Zoom is digital but retains a high resolution due to the 41 MP sensor. The limit of the zoom is reached when the selected output resolution becomes the same as the input resolution. That means once the area of the sensor reaches 3072x1728, the zoom limit is reached. So the zoom always provides the true image resolution the user wants. The level of pixel oversampling is highest when zoom is not used. It gradually decreases until the maximum zoom is hit, where there is no oversampling. At this stage, PureView Pro optics and pixels start behaving in a more conventional way. But because only the centre of the optics is used, the best optical performance is achieved – including low distortion, no vignetting and highest levels of resolved detail. This also means that at full digital zoom, the noise reduction achieved by oversampling (pixel binning) is lost as no oversampling happens at full zoom.
PureView Pro features continuous autofocus in all shooting modes, close-up (Macro) focus, face detection, touch focus with easy manually selected focus point and hyperfocal distance focus for defined depth of field, for extreme focus speed or when reliably achieving focus is not possible.
The on-chip oversampling image processor of the 808 enables oversampling of all 38 megapixels even at the high video data rates of 1080p with 30 fps. Maximum possible zoom is 4x for 1080p, 6x for 720p HD and 12x for nHD (640x360) video. In addition, encoding is up to 25 Mbps in 1080p H.264/MPEG-4 HD video format. The PureView Pro sensor integrates a special video processor that handles pixel scaling at up to 1 billion pixels per second before sending the required number to the main image processor.
The 808 has Carl Zeiss 5-element 1-group lens with f/2.4 aperture and 8.02 mm focal length (35 mm equivalent focal length is 26 mm in 16:9 and 28 mm in 4:3 aspect ratio). Focus range is from 15 cm to infinity (throughout the zoom range).
The optics are based on a shiftable fixed-focus lens; similar to the prime lenses in most Zeiss Planar or Tessar optics, focus is achieved by varying the distance to the image sensor (unit focusing lens). This construction has the advantage that no movable focus group is needed. Considerable movable (focus-range) lens groups need a minimum of one additional adaptive lens element in both the moved group and the stationary group, increasing the number of elements by at least two. This increases unwanted reflections as well as overall tolerances and therefore decreases sharpness.
The lens consists of only 1 group with molded elements, which gives a highly stable, precise mechanical alignment. The lenses are partly made of plastic, which provides sufficient stability at this size and as a 1-group lens and has the significant advantage of making it possible to use extreme aspheric shaped lens elements.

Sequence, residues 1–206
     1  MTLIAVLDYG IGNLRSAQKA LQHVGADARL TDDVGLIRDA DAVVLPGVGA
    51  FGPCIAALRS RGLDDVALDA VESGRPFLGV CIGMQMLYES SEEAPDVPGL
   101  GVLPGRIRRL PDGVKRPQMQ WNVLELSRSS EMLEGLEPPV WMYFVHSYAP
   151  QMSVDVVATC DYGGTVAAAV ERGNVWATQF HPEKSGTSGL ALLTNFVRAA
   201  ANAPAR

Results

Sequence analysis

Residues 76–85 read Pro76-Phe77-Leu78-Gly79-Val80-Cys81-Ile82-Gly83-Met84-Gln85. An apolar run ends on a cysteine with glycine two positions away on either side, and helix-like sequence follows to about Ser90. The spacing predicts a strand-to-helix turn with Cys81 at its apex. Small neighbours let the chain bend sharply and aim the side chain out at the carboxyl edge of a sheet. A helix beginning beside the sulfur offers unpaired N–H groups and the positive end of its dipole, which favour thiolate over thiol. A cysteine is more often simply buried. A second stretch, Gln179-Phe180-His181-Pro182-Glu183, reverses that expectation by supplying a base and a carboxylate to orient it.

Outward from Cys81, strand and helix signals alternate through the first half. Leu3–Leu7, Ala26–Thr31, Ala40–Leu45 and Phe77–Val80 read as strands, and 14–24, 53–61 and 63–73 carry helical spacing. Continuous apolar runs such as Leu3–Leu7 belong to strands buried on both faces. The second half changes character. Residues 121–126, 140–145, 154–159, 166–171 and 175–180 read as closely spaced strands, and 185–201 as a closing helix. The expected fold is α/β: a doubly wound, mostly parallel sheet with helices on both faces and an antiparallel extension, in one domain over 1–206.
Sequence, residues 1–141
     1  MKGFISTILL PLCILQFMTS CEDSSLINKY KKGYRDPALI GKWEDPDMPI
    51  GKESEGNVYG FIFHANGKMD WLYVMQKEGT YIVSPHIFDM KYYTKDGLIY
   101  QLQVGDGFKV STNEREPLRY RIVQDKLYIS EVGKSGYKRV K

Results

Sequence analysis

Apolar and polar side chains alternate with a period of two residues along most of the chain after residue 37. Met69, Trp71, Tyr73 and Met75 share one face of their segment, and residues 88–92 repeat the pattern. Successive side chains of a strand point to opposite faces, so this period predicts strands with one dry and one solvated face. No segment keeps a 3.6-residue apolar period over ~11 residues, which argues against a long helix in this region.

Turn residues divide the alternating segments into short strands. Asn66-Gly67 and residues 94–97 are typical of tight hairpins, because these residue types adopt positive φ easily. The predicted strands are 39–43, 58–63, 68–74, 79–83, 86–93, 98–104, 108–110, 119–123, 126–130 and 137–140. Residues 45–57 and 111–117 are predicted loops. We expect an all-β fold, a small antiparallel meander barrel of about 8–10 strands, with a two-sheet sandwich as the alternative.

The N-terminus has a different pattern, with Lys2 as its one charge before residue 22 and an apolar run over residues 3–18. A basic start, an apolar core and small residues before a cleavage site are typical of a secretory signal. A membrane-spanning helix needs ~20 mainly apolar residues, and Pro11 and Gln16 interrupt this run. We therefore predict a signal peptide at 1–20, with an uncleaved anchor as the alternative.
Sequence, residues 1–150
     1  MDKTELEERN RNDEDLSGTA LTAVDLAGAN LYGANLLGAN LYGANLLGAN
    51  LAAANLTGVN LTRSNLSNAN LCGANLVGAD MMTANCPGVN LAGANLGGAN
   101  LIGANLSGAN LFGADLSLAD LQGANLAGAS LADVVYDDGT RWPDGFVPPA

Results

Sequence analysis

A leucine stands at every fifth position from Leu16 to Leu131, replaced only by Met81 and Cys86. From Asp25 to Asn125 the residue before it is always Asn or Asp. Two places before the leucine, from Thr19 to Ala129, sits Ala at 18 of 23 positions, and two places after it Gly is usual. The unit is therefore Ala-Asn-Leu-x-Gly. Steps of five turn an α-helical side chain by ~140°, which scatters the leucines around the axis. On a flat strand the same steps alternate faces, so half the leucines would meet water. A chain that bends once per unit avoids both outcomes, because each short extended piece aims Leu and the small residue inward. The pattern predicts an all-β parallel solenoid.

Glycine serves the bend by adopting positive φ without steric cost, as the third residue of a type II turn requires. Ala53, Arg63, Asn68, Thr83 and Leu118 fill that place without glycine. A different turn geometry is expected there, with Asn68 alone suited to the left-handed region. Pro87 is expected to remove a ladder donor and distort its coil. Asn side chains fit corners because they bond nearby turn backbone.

5 all-aspherical lens elements are used, making it possible to increase border-sharpness and lower distortion and astigmatism. The high–refractive index, low-dispersion glass additionally helps reduce chromatic aberrations. A neutral density filter with approximately ND8 (3 f-stops) is employed for shooting in high light levels where normally a smaller aperture would be set. Although the lens is named a Tessar, it has almost nothing in common with the 4 element in 3 group, non-aspherical original Tessar.
Due to the comparatively large 1/1.2 in sensor and the comparatively fast lens with f/2.4 aperture, the camera has a quite shallow depth of field, equivalent to approximately f/7.8 at 26 mm on 35 mm full-frame.
The 808 PureView employs Dolby Headphone software to transform stereo content to surround via a 3.5 mm A/V jack. It also includes Dolby Digital Plus software to provide 5.1 surround sound via HDMI or DLNA. The dual software elements from Dolby are embedded into the Nokia Belle feature pack 1 OS.
The 808 PureView is the first device to include the Nokia Rich Recording technology and has a frequency range between 25 Hz to around 19 kHz. The 808 PureView can capture sounds at the loudness level of up to 145 decibels without distortion. The two microphones, located at the top and the bottom enable ambient stereo recording. The audio encoding is done in AAC high profile, 256 kbps, 48000 Hz.
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Nokia 808 PureView has just become the most advanced camera phone that will soon be available on the market.